Poetry In Motion
- by J. 'Harley' Elmore, 2000 - 2002
See Chapter One for disclaimers
Chapter Thirteen, Part 1
Deven's mind whirled, and the agitation was feeding a budding headache. She could feel the pain beginning at the base of her skull and removed the bottle of ibuprofen from the glove box. Swallowing several of the small pills, she willed the painkiller to quickly work its magic on the muscles tensing in her neck, but knew they could do nothing to ease her mind.
Fragments of thoughts darted into her consciousness and then retreated just out of her grasp before they could solidify and be contemplated. Settling her hands on the steering wheel, she gripped it tightly as if the action would help her get a grasp on the chaos in her head.
She cursed the emotions that sought some avenue of release. Her mother had purposely baited her. It's become some sort of sick game to the bitch! Push me until a react and then attack with her self-righteous condemnations. She was having a hard time believing that Patricia had been so nasty in front of Rhian. Well, what do you expect, Masterson? Once a bitch always a bitch.
She watched as Rhian approached the truck and waited silently while the younger woman placed Seana in the car seat. Why in the hell did I allow this day to happen? Why didn't I just excuse myself and let Rhian go home instead of bringing her here? You are such an idiot, Masterson!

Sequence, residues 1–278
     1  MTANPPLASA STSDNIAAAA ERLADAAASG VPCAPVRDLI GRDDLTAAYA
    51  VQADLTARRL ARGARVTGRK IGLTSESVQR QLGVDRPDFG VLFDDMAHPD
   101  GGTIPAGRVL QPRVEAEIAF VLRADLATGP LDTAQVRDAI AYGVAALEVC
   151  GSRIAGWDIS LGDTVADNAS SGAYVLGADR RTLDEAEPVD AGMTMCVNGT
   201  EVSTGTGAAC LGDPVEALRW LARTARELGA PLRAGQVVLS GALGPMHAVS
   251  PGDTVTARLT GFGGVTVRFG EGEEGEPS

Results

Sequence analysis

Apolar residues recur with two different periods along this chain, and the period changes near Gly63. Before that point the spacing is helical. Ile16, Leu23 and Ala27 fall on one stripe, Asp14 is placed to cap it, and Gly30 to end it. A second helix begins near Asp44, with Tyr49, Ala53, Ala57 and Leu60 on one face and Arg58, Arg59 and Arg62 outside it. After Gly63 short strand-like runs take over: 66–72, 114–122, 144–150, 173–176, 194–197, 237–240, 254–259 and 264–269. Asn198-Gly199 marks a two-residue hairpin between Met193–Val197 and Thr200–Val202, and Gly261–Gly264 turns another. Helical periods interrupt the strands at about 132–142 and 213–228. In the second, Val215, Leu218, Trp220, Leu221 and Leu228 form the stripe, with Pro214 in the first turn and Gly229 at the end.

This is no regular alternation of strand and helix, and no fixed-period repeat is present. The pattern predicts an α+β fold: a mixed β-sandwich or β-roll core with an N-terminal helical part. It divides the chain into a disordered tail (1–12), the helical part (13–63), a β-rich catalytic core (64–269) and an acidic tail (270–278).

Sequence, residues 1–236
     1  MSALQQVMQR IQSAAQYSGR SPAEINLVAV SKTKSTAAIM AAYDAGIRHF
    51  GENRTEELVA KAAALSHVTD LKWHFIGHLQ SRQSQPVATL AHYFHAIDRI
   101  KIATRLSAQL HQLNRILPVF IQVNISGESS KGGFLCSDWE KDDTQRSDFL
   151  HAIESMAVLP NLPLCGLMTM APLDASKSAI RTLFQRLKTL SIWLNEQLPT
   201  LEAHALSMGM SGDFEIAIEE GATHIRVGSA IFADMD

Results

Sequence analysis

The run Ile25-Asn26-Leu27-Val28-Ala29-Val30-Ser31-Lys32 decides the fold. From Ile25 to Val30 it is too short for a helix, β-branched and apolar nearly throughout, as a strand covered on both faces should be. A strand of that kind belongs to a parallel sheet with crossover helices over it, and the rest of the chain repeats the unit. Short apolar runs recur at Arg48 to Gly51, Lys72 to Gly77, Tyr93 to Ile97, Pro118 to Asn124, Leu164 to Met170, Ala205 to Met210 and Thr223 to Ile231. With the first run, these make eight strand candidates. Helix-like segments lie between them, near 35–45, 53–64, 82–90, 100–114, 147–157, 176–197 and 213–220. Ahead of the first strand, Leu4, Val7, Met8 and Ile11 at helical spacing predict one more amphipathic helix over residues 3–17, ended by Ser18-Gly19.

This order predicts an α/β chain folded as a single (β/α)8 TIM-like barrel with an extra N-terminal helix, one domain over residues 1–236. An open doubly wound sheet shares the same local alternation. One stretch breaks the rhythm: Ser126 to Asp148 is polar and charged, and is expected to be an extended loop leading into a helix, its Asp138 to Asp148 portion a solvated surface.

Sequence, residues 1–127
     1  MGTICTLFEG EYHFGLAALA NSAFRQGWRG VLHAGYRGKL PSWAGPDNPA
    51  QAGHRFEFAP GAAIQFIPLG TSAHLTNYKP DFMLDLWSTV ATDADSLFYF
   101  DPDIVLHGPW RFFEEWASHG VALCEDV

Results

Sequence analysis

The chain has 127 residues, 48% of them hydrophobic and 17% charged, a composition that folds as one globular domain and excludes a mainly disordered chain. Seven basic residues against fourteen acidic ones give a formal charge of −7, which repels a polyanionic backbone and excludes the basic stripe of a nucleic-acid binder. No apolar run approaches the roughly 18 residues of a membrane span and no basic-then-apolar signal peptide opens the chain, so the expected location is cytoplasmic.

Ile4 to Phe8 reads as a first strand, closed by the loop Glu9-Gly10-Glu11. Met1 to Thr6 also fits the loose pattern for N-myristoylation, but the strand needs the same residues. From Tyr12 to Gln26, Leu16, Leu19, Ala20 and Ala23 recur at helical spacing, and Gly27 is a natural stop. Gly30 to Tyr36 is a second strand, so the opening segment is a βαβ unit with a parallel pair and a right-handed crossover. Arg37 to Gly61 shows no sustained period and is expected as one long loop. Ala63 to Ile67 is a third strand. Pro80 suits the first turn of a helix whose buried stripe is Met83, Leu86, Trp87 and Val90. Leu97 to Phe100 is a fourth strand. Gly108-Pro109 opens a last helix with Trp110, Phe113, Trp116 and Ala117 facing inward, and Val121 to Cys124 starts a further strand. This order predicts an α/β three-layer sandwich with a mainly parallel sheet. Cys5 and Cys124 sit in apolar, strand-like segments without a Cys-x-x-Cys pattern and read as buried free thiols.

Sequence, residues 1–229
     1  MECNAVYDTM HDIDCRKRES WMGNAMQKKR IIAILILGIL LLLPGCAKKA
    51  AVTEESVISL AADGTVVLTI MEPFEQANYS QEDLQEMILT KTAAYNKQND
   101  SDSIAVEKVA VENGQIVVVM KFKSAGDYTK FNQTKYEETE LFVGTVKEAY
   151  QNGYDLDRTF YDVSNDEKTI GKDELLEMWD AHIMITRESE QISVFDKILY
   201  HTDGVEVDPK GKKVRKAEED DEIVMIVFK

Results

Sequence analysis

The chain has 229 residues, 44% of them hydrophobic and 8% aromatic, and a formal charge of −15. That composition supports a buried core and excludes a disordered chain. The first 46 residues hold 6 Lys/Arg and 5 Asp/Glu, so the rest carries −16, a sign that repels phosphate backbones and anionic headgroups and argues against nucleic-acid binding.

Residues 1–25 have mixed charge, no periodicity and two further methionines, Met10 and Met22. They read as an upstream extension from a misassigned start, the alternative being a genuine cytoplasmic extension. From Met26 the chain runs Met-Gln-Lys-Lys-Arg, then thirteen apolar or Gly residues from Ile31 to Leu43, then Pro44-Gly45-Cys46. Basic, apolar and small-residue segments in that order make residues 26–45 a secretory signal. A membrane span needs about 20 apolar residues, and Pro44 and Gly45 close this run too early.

She looked at her hands and saw that her fingers had become pale from the pressure she was applying to the wheel. Releasing her grasp, she settled her hands on her lap. Why in the hell did I allow Tiernan to do that? I knew better. I knew it was a mistake! The only thing that can possibly come out of that is for him to start to believe that I can be the mother he wants, and I can't. I can't! She sighed deeply. Why did you do it you moron? Because one look at Rhian's face, and you suddenly didn't want her to think poorly of you. What a fucking joke!
Deliberately keeping her eyes on the road ahead and off the woman in the seat beside her, Deven steered her thoughts to earlier in the afternoon as she drove the truck towards home. The echoes of laughter and a shadow of the happiness that had touched her briefly filled her again momentarily pushing the anger aside. Pressing her lips together, she fought not to smile at the memory of Rhian almost knocking them both to the ground to escape the bee.
As quickly as those good feelings came they were gone, replaced with the turmoil caused by their brief encounter with Patricia. Anger no longer held dominance. It was now replaced with despondency. Deven had spent the last fourteen years avoiding the complications of emotional attachment, and she wondered if all the emotional upheaval that had recently entered her life was healthy. What do I possibly need them for now? They're playing havoc with everything!